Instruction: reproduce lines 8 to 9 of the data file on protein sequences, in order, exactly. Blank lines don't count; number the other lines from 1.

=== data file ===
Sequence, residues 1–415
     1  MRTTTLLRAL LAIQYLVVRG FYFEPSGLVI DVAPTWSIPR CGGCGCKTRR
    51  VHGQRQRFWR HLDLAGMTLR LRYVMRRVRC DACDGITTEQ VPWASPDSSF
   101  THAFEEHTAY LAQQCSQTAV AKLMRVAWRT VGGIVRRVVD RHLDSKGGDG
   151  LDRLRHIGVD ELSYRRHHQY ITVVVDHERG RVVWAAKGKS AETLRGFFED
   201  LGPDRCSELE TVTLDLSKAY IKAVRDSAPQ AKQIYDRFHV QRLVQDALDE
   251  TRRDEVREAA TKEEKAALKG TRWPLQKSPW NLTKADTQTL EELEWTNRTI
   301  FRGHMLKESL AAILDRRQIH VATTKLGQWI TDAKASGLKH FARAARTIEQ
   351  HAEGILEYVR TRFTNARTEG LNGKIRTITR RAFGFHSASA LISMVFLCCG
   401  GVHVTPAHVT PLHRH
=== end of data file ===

   301  FRGHMLKESL AAILDRRQIH VATTKLGQWI TDAKASGLKH FARAARTIEQ
   351  HAEGILEYVR TRFTNARTEG LNGKIRTITR RAFGFHSASA LISMVFLCCG